Saturday, February 21, 2015

Monday Morning Quarterbacking Scott Walker's Answer

    As long as everyone on Twitter was armchair quarterbacking how Scott Walker should have responded to a question in a Washington Post interview about whether or not Barack Obama is a Christian, I weighed in with this observation:
    I also suggested this as a possible response:
     But after some reflection, perhaps Walker could have best used the question as an opportunity to share the gospel. I may not have answered any better (or worse) than Walker, but here's what I'd like to have answered:
    First, let me say this is not a political question. The Constitution makes clear than no religious test is appropriate for public office in the United States, so in the context of this interview, your question isn't appropriate. Second, the Bible teaches that a Christian is someone who has put his faith in the finished redemptive work of Jesus Christ on the cross, repented of his sin, is no longer under the wrath of God, and is now a follower of Christ. "Whosoever shall call upon the name of the Lord shall be saved," the Bible says, and Barack Obama is included in "whosoever". If the president has done this, he's a Christian.
    Far be it from me to cast a stone at Scott Walker, and I'm sure others can improve on my effort above. I Peter 3:15 says "be ready always to give an answer to every man who asketh you a reason for the hope that is in you," and that goes for all Christians, not just politicians. We may not all get interviewed by the Washington Post, but we should all be ready with an answer.

Wednesday, February 4, 2015

Kerry: 'Lack of Integration' of Muslims in Europe Like U.S. Civil Rights Struggle in '60s

    Secretary of State John Kerry met with EU High Representative Federica Mogherini at the State Department Wednesday and afterwards addressed the press and took some questions. One question from a French reporter concerned problems with Muslim integration in Europe and the potential terrorism ramifications:
Question: [W]e heard recently from President Obama talking about the potential lack of integration of Muslim communities in Europe. He mentioned that as one of the greatest dangers that Europe faces in terms of terror threats that might come. Would you agree with those words from President Obama, and should he have used those? And Mr. Secretary [Kerry], I’d like to get your opinion on that as well if I can.
    Kerry responded by recalling his days as a college student in the 1960s during the civil rights era and the consequent sensitivity of his generation to "this question of minority and rights and integration and so forth." After explaining that although the US has made "unbelievable progress" on race-related matters, "we still have some distance to travel." Eventually, Kerry stressed that "this particular incident of violence [terror attack in Paris] wasn’t a specific targeting that grew out of that [lack of integration]"; however, he said, there is work to do where "one minority or another or another is not able to share fully in the full integration" in the country where they live.
   Here is Secretary Kerry's full response to the question:
SECRETARY KERRY: Well, let me just begin quickly on the integration issue. When I was – I entered college in 1962. And in 1963, ’4, ’5, we were deeply embroiled in this country, and we – college students in the Civil Rights Movement. And we were deeply impacted by that and have always been, I think, as a generation, much more sensitive to this question of minority and rights and integration and so forth. We’ve made unbelievable progress in our nation, unbelievable progress in the years since then. But it would be completely disingenuous not to say to you that we still have some distance to travel. We’re not finished. We’re still – you heard the President last night talk about voting rights. So what was won in 1965 still has to be fully embraced and implemented here, and other things that are linked to that. We’ve seen our own struggles in some communities and great debates about race in America in the last year.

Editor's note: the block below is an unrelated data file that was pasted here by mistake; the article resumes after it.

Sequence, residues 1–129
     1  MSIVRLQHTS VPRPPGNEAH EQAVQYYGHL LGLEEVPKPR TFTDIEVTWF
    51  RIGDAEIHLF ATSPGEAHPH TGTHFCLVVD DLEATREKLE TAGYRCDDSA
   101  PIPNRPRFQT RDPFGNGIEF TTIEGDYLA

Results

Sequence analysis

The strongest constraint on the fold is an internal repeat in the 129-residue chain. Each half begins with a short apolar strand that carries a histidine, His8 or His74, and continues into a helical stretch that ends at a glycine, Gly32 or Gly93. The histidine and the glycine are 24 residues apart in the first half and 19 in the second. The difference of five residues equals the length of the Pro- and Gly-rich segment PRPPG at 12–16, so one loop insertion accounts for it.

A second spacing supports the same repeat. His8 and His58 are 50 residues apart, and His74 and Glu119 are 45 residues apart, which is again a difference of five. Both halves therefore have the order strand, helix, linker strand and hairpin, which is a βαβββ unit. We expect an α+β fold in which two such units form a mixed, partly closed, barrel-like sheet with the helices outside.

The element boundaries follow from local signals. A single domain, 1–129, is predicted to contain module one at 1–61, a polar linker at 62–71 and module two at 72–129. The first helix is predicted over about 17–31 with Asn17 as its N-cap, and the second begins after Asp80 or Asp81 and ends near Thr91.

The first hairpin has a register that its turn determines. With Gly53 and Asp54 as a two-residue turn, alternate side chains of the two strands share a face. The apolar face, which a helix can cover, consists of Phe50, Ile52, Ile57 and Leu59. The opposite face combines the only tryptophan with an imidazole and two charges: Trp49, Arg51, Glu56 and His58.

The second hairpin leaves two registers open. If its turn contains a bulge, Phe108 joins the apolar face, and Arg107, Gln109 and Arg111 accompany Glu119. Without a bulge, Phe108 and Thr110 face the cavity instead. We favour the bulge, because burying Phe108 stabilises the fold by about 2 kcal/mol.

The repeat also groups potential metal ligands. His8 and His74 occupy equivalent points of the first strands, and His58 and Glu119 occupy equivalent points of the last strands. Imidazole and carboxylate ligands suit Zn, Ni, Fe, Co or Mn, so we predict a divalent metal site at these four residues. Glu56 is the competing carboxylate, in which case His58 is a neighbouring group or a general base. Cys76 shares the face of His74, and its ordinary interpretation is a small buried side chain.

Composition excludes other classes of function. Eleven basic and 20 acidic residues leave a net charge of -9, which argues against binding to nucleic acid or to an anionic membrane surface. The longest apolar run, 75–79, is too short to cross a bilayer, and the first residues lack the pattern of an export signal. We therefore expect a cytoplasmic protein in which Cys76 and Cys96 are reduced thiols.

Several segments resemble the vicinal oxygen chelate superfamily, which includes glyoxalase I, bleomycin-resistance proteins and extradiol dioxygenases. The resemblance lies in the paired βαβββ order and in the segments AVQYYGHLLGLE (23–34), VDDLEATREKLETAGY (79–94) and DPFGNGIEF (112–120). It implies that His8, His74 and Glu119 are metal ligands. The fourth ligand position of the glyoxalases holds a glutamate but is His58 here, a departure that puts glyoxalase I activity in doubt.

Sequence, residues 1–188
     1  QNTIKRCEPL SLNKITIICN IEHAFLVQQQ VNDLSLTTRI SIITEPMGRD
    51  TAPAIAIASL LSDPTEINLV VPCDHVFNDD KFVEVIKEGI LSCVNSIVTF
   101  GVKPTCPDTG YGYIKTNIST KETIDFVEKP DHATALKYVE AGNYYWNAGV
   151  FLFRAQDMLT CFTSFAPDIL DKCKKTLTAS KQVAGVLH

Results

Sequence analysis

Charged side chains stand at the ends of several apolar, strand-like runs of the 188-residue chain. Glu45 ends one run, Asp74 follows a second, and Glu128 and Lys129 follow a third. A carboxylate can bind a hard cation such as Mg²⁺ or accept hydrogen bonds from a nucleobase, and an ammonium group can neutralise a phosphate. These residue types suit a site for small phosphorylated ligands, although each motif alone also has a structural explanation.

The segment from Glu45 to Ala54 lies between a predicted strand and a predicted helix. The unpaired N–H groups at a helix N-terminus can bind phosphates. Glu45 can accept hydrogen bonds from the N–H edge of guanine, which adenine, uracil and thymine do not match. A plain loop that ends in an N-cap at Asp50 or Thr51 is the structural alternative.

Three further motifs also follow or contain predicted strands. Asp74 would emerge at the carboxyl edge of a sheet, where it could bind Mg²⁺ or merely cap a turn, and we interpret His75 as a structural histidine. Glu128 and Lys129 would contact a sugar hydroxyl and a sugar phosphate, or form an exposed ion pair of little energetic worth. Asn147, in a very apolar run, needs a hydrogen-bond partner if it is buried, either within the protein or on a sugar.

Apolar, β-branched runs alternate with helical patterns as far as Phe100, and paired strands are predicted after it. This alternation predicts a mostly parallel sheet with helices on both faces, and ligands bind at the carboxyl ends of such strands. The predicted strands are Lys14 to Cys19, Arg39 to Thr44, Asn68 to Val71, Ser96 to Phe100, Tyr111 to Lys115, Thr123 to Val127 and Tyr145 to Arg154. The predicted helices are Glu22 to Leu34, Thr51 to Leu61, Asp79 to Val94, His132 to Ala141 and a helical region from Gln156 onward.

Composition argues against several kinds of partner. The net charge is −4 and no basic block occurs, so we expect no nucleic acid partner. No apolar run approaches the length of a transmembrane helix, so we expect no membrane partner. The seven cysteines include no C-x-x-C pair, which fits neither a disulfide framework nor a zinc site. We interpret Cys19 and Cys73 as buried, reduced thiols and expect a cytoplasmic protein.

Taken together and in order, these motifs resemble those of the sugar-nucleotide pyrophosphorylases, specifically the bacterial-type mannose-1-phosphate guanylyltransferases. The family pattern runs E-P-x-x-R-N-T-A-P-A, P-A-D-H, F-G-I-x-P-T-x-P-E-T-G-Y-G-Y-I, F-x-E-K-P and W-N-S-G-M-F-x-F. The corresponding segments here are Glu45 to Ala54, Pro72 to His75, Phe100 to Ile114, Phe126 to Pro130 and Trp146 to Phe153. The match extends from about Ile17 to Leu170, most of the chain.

So it would be dishonest of me – and I’m not involved in domestic politics right now, so I’m not going to go into it in depth, except to say that therefore, I think I can say with honesty that there is a challenge in many other parts of the world. And Federica is absolutely correct; this particular incident of violence wasn’t a specific targeting that grew out of that, but we all can do work in many parts of the world that I have seen where one minority or another or another is not able to share fully in the full integration in whatever country they happen to be living. So the world has a road to travel on that, and that’s why we continue to put such a high premium here on the issue of human rights and democracy, and to continue to push, because I think we’ve learned through our own experience the difference that it can make to the strengthening of the quality of our democracy, to our society, and people benefit when we live by that high moral standard.
    High Representative Mogherini, whose response to the question came before Kerry's, said the following:
On the integration of minorities in Europe, this is a debate, I think, that within member states in Europe, in – I would say in the global community is – has been going on for decades and probably is going on for decades. I would say that there are different models, different histories, and different traditions. What we have to get right in this moment is the fact that we need to work together. You know that very well. Victims of the attack in Paris were not only called Louis or Charb or Anne; there was an Ahmed that was killed by other people that were having names of the same roots, which means that this is a common fight. I would not go on the line of saying that this is minorities against majorities, also because we have different minorities, in Europe as in the United States. We are living in complex societies, and this is our richness. Our strength is the fact that we are different, but we are united and we live together. 
And I think that this is the core point. We would be wrong if we were to look at that as an issue of minorities-majorities. This has nothing to do with that. These are violent acts that were targeting people, persons, regardless of their names, ethnic background, minorities, majorities, whatever. And there is no link, I would stress, between minorities, majorities, and violence. A terrorist act is a terrorist act, and we should not go into that kind of discussion about how we manage, or at least manage the majorities or minorities. There is no kind of roots in that.

Note: A version of this post first appeared at The Weekly Standard.

Tuesday, February 3, 2015

EPA Chief: In Year 2100, 'Aspen’s Climate Could Be a Lot Like That of Amarillo, TX'